10 Things You Might Not Know About Black Panther

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In 2018, the King of Wakanda will make his long-awaited journey to the big screen in his first solo outing and based on the first teaser trailer, it looks like Black Panther will be unlike anything the Marvel Cinematic Universe has delivered to date. However, while longtime comic book readers will be effortlessly able to spot the connections to the source material, those who are new to comics or simply new to the character might need a little crash course in Black Panther history.

Thankfully, we here at Epicstream have you covered. Here are 10 things you might not know about Black Panther:

  1. He Debuted In An Issue Of Fantastic Four

    Black Panther, like many of Marvel’s most prominent characters, was created by Stan Lee and Jack Kirby, debuting in July 1966 — not long after major players such as Spider-Man, Hulk, Thor, Iron Man, Daredevil, the X-Men, and the Fantastic Four.

    However, as was often the case with early Marvel creations, the character didn’t debut in his own solo title. Instead, Black Panther’s first appearance came in issue #52 of Fantastic Four. He would then go on to make frequent guest appearances in titles such as Tales of Suspense, The Avengers, Daredevil, and Astonishing Tales. Black Panther’s first starring feature would come in July 1973 in the pages of Jungle Action #5, and his first titular solo series would launch in January 1977, though it was canceled after just 15 issues.

  2. He Predates The Black Panther Party

    Considering Black Panther debuted the same year that the Black Panthers political party was founded, most assume that the character’s namesake is simply a nod to the Black Nationalist and Socialist organization. However, this isn’t entirely true.

    Black Panther was created in July 1966, which predates the founding of the Black Panther party by 3 months. The party’s logo, on the other hand, already existed as it was used by the group’s predecessor known as the Lowndes County Freedom Organization. Additionally, the name “Black Panthers” was also used during World War II by a segregated tank battalion, though they aren’t officially linked to the Black Panther party.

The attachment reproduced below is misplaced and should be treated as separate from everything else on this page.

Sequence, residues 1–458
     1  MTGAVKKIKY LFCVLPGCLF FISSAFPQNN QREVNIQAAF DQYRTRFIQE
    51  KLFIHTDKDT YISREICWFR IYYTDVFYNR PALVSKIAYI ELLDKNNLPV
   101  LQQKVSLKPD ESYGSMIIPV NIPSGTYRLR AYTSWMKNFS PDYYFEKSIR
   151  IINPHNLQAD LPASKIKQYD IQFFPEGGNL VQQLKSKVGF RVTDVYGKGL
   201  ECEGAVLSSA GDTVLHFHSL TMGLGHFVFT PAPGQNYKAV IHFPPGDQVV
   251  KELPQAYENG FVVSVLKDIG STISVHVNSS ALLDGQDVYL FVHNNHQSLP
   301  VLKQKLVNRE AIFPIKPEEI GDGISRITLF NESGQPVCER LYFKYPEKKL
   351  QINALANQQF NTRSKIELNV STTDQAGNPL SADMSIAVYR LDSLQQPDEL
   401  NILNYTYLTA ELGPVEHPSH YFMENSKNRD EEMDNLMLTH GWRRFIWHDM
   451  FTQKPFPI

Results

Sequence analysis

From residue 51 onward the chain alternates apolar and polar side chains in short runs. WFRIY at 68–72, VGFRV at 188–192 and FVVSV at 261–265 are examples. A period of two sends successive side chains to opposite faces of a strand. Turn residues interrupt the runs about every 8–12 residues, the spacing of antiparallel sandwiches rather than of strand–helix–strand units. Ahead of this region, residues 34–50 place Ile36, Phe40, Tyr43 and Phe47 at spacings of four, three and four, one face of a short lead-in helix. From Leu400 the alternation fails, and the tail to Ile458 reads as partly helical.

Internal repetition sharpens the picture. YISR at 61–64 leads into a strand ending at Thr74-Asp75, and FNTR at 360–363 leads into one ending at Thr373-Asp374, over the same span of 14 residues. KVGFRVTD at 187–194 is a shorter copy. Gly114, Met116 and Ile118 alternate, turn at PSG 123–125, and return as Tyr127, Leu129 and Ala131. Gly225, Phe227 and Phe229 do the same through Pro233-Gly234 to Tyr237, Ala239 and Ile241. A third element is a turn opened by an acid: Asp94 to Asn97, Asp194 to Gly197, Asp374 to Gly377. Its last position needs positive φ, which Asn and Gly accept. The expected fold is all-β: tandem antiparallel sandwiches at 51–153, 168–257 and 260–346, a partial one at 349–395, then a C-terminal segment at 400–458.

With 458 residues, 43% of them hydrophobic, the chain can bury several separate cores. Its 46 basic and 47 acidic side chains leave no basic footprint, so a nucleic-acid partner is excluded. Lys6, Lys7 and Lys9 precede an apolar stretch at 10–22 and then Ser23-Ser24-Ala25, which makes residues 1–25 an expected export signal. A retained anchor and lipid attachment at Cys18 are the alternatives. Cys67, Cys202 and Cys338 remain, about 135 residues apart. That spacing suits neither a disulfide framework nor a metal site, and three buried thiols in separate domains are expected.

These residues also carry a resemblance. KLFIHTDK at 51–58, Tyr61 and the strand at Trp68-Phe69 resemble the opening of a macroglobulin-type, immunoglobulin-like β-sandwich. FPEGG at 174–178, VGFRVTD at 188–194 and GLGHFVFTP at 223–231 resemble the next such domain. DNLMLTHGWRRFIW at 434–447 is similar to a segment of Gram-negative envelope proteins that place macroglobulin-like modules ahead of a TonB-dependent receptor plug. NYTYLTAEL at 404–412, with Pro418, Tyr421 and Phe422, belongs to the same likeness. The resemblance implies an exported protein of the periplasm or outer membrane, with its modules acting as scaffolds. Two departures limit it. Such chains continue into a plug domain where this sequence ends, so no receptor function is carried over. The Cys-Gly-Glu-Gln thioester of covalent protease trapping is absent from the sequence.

3. His Name Almost Wasn’t Black Panther (And It Was Even Changed At One Point)

    Keeping in line with the last entry, the origin of Black Panther’s name, according to Stan Lee, actually comes from a pulp adventure hero who was aided by a black panther. However, when the character was being conceptualized, Jack Kirby used the name “Coal Tiger,” and the character was imagined sporting a drastically different costume than the one he traditionally wears.

     Thankfully, the name and concept art never made it past Kirby’s drawing board, but that doesn’t mean Black Panther was completely in the clear. Since many people understandably assumed that the character’s name was a reference to the aforementioned Black Panther party, he was briefly renamed Black Leopard to avoid confusion. This wouldn’t last, though, as the name wasn’t favorably received by readers of creators.

  4. He Was The First Black Superhero In Mainstream Comics

    Prior to Black Panther’s inception, black heroes did exist in comics, but they were few and far between, and none of them had actual superpowers. When Black Panther finally debuted, it represented a major milestone in the comic book industry, setting the stage for other African-American icons including The Falcon (1969) and Luke Cage (1972) from the Marvel side, as well as Green Lantern John Stewart (1971) and Black Lightning (1977) over at DC Comics.

  5. He Was Married To Storm

    In 1980, longtime X-Men writer Chris Claremont established that Storm and Black Panther had crossed paths when they were young, but that’s about as far as he delved into the matter. In 2006, though, their history was retconned, depicting the characters as love-struck adolescents and setting the stage for the pair’s marriage in a Wakandan ceremony that was attended by most of Marvel’s big-name characters.